Only yesterday as I was trudging round the shops in that post Christmas bargain search, another sign of the ‘motoring times’ came to remind me about the critically parlous state of the car game. Recently, I posted a feature about our local Vauxhall agent hitting the skids, but within a few depressing months, it’s happened again – my local Peugeot dealer is closing. Should I be surprised?
The local paper sadly broadcasted the fact that our local Citroen and Peugeot dealer is closing at the end of December with the loss of 30-plus jobs. What a kick in the teeth for the handful of staff who joined them from the aforementioned failed Vauxhall enterprise – and equally depressing considering the site was the subject of a management buy out only a couple of months earlier. This was a big site comprising of a large used car pitch, two glass houses and a busy Shell petrol station, all situated on a busy roundabout next door to a decently sized retail park – in an affluent market town.
So far as location is concerned, its virtually perfect in every way – so how could this place fail and is there a bigger picture to be viewed here? Well, Citroen has seemingly found its mojo once again and while the DS range seems to be attracting a fair bit of interest. No one seems to care about Renault, but the Dacia brand will uplift its alarming loss of sales.
But what of Peugeot these days? exactly who buys them and who remotely understands their confusing cluttered range? Generally nobody. Which is why its is in a bit of tizz somewhat?
Slowly but surely, Peugeot dealers have been dropping off like autumn leaves. It wasn’t always this way. Peugeot’s range was once easy to understand, fairly reliable, sometimes stylish, popular and a cut above other Gallic brands. And the of course, there was the ‘cinq effect’ of almost guaranteeing success by making the last digit a five. Customers once beat down the showroom doors for the 205, 305, 405 and 505. But it seems Peugeot has endured an uphill battle since the death of the 406.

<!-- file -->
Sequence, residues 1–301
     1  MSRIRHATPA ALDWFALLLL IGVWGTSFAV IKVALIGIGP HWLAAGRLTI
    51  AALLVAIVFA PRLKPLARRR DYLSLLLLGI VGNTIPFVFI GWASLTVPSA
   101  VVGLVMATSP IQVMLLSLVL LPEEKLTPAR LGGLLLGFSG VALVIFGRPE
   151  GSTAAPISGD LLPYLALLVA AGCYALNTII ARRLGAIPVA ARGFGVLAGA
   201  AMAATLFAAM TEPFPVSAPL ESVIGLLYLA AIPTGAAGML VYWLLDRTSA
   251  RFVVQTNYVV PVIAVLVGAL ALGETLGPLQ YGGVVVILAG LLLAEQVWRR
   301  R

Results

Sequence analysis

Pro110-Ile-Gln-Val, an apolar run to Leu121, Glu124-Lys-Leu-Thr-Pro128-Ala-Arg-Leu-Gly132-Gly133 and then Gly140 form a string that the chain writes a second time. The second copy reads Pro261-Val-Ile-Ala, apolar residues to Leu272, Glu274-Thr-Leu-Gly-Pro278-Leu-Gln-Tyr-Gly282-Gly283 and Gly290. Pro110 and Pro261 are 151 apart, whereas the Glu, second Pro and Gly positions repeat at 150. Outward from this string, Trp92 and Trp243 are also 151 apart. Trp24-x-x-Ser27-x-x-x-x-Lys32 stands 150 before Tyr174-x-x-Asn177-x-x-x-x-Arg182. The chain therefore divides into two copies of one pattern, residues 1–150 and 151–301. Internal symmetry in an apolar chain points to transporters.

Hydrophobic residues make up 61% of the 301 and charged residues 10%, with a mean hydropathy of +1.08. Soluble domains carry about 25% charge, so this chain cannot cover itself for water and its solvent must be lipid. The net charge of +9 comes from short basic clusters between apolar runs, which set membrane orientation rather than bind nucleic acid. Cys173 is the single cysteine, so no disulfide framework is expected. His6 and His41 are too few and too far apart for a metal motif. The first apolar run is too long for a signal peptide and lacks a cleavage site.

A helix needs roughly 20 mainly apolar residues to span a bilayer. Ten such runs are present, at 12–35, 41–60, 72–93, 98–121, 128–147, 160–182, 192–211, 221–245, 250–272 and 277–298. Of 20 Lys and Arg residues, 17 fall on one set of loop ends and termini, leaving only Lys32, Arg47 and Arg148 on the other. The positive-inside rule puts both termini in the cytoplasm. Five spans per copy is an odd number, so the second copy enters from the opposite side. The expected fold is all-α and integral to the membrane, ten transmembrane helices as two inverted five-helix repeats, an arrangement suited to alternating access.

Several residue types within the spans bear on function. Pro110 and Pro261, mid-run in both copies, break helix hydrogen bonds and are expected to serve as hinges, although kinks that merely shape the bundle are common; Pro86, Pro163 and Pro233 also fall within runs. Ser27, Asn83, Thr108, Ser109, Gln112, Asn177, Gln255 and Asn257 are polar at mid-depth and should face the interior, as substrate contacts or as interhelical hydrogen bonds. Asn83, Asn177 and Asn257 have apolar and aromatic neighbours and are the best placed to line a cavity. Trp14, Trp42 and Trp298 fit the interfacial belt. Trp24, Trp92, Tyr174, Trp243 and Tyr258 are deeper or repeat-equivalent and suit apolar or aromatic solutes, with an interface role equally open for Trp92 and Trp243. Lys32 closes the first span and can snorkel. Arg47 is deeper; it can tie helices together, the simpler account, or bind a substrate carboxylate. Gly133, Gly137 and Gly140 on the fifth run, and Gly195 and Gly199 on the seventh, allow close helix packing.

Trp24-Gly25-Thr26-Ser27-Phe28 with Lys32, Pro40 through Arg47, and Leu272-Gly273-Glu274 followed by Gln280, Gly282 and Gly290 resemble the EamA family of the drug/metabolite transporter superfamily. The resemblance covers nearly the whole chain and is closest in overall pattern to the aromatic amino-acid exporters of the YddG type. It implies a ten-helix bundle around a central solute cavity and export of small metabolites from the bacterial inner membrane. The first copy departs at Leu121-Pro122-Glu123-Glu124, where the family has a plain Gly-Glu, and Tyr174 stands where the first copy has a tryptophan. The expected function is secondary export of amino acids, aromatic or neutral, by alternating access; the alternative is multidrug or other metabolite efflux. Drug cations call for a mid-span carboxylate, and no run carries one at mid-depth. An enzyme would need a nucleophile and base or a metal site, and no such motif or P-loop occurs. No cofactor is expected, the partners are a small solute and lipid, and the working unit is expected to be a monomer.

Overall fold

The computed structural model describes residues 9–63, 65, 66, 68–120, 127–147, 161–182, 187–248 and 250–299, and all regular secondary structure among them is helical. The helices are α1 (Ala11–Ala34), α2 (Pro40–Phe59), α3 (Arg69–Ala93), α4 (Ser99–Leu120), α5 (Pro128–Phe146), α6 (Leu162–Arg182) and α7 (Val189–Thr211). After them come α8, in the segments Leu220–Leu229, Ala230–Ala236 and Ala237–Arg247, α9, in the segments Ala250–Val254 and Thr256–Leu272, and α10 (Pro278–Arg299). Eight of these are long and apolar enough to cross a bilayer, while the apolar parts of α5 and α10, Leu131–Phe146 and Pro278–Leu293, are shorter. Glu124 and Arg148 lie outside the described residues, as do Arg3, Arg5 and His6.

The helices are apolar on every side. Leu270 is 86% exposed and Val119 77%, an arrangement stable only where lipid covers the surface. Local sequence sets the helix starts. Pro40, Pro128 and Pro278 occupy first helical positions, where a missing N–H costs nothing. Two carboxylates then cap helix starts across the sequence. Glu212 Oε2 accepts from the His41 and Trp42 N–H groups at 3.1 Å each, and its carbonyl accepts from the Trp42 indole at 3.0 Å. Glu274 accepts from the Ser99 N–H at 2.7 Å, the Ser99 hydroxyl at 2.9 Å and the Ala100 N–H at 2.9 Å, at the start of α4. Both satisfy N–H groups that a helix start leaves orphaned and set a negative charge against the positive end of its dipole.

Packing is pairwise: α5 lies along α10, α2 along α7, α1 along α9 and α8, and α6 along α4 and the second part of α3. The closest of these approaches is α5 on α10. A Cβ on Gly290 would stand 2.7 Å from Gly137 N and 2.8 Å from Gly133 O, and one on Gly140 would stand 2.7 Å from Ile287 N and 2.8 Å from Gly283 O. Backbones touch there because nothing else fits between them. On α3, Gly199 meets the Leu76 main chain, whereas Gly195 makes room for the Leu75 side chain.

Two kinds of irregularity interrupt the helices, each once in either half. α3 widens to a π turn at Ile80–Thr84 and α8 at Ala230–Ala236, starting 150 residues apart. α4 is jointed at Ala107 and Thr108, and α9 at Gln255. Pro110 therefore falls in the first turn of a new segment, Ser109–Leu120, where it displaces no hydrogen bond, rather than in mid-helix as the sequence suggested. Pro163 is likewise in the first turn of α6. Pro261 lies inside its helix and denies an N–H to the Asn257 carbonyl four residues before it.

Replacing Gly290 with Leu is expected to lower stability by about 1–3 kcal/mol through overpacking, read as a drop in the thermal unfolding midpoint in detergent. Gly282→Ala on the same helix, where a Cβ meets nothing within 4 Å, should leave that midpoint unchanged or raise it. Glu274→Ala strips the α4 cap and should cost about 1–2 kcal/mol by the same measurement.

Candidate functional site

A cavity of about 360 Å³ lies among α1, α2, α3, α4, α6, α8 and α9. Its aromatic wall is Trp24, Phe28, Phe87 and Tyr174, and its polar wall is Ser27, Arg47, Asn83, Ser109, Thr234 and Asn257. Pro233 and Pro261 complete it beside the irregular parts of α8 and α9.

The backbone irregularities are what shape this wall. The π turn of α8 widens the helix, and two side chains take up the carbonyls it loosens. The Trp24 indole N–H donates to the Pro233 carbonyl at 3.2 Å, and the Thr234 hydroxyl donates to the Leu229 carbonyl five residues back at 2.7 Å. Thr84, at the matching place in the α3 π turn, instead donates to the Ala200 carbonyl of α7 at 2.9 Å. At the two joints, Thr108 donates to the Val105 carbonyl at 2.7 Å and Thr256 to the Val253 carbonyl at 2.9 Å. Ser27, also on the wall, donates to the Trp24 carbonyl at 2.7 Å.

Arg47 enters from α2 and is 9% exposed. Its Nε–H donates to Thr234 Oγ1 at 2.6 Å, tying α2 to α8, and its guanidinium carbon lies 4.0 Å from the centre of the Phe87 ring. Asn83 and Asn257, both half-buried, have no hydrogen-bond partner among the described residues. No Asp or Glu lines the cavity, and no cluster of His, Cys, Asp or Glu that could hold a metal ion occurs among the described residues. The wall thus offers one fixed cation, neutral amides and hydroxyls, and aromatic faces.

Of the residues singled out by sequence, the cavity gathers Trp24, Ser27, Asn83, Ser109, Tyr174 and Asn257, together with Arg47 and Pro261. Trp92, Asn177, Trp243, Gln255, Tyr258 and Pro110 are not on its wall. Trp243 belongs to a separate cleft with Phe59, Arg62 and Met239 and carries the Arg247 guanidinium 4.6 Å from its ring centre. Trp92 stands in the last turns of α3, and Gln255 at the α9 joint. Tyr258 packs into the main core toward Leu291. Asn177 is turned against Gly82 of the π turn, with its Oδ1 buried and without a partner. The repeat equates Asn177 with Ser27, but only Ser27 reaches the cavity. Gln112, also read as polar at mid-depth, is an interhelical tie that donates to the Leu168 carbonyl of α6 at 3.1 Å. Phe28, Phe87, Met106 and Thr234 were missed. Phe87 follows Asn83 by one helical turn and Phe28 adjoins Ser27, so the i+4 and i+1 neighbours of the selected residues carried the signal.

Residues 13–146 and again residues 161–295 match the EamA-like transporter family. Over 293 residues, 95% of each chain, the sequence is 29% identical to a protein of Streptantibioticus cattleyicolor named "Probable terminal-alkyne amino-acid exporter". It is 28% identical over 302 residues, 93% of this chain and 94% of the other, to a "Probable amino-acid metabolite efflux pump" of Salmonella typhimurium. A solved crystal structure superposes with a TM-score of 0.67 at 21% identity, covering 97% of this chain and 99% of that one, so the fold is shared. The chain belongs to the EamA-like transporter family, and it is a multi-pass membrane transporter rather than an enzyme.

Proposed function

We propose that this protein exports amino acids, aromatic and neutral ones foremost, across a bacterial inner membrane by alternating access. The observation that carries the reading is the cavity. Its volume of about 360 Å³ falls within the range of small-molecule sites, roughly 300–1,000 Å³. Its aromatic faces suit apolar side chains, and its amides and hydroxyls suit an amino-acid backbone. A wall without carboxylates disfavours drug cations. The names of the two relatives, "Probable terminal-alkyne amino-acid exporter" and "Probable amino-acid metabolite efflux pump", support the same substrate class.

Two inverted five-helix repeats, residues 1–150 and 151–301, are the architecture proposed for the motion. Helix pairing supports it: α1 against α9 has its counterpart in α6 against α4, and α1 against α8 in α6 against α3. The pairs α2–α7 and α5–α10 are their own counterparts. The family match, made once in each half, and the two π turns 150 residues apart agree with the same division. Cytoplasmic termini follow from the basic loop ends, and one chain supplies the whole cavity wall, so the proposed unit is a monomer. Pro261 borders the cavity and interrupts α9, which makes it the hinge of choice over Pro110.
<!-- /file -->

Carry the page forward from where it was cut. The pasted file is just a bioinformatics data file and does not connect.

This Pug was possibly the best riding/handling saloon car of its generation – and I have owned a driven a good few examples. They never failed to leave a lasting impression of soothing smoothness that made journeys along endless black ribbons of tarmac enjoyable and to be encouraged. Its replacement, the 407, looked futuristic in comparison yet downright ugly to most people. If you want French with slightly bonkers looks allied with a modern take on form and function that all just simply works – Citroen is everything one requires.
Even in France, Peugeot is in a pickle. Parent company PSA feels like British Leyland was in the mid- to late-1970s – a sprawling money-hungry animal with a ferocious appetite for ready cash and no obvious direction towards its future or survival. As mentioned, the dealers are fading away in the UK – my old employer binned its Pug showroom in 2007, a while before the recession, blaming a confusing range and a disinterested public as the main reasons. Yet, now it seems all Peugeot do to stem flagging sales and public apathy is bung another ‘0’ on the badge – like 3008 or 2008.
And of course, add nought and nought together and what do you get? Nothing!
Moving on to Rover and then PSV / HGV, he has circumnavigated most departments of dealerships including parts, service and latterly - the showroom. Mike has owned all sorts of rubbish from Lada to Leyland and also holds both Heavy Goods & Public Service Vehicle licences, he buys & sells buses and coaches during the week. Mike runs his own automotive web site and writes for a number of motoring or commercial vehicle themed publications
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